I’m convinced it can make us better writers by raising questions and pointing out flaws. The question for the future is how far should we let it go? Highlight passages in news stories that were created with AI? Share a byline with ChatGPT? What will it do to a writer’s voice, the element that draws in readers and keeps them engaged if everything is regurgitated by a large language model and copied from other writers? That’s a big question and one that anyone who works with words has to address.

But first, in the spirit of this exchange, I asked ChatGPT to answer your question about my wishlist as a coach. Its response (in italics so we’re certain of the source):

ChatGPT: Source Verification: An AI tool that can assist journalists in verifying the credibility of sources and the authenticity of information, especially in an era of deepfakes and misinformation.

Ethical Guidance: An AI that incorporates ethical guidelines specific to journalism, helping journalists navigate complex issues like privacy, consent, and the public interest.

Collaborative Editing: Enhanced features for collaborative editing that allow multiple journalists to work together seamlessly, with AI providing real-time suggestions for improvement based on best practices in journalism.

Enhanced Fact-Checking: An AI tool that not only helps in fact-checking but also provides context and background information to help journalists understand the broader implications of their stories.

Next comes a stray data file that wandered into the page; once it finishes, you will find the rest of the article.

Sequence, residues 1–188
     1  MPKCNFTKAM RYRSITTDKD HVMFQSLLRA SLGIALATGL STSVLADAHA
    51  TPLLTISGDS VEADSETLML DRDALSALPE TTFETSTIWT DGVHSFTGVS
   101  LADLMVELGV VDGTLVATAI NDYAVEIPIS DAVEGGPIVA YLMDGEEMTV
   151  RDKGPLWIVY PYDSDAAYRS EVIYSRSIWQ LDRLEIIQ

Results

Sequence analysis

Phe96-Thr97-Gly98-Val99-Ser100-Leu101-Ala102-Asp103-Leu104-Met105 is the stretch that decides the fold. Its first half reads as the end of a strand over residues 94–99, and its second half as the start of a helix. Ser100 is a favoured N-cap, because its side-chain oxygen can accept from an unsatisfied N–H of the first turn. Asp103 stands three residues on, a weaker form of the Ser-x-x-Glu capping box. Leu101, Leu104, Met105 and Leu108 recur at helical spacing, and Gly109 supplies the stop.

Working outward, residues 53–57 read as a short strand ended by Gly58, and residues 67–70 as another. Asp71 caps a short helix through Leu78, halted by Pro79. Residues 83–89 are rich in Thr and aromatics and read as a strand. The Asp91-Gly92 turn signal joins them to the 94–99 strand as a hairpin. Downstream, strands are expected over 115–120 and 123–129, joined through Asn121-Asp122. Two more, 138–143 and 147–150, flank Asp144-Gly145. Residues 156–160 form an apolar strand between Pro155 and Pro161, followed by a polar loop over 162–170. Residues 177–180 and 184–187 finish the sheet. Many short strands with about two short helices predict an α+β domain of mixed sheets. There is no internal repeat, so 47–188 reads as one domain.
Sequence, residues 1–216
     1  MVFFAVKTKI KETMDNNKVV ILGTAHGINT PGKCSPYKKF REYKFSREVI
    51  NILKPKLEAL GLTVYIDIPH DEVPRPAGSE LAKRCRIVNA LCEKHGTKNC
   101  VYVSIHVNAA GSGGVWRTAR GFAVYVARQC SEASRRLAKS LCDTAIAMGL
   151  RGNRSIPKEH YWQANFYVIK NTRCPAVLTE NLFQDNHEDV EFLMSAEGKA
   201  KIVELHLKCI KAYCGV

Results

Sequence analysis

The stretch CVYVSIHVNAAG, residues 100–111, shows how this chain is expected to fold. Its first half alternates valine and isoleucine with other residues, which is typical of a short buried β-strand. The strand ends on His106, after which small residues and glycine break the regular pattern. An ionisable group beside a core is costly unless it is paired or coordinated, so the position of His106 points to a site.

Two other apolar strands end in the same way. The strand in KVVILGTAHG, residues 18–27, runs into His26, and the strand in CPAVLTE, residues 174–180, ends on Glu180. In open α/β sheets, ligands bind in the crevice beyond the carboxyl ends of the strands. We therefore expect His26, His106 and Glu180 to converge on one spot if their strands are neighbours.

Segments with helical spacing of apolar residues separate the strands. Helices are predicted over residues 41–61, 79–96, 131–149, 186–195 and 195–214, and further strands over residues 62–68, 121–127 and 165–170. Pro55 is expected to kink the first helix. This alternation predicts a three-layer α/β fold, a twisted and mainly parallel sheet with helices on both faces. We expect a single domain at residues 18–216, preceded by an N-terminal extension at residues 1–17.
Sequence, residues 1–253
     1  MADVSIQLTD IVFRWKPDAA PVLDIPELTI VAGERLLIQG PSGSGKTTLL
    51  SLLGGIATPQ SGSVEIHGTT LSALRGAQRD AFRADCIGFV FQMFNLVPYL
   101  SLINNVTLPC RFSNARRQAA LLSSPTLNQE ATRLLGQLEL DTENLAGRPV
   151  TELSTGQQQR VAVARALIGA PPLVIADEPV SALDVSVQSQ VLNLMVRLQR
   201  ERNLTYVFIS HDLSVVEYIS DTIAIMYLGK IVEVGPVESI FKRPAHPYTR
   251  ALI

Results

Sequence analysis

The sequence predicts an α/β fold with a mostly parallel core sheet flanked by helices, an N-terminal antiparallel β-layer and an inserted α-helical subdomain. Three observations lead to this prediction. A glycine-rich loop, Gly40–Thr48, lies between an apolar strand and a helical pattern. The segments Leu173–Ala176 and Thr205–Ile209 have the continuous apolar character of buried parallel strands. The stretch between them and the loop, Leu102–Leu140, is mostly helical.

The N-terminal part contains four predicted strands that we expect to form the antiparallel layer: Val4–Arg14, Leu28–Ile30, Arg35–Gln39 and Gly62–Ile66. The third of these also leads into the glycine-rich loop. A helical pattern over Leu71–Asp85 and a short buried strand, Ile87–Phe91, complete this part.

Between your and my ideas, and ChatGPT’s, we could definitely give a coder some ideas. And now that we’re back to human-to-human conversation, can AI replace what you do as a teacher?

Casey: Replace me? No way!

Wait, let me step back. My knee-jerk reaction to your question is probably driven more by fear of obsolescence than a reasoned view on where we’re heading. Much as I’d like to believe I can offer something of unique value, my sense is that AI can already outperform me on several key tasks and will soon be a worthy rival on many more, from designing learning experiences, to producing lessons, to providing feedback.

I’m not quite ready to let go of the notion that, without emotion, a computer will never be able to provide the kind of connection that instills a passion to learn. ~ Casey Frechette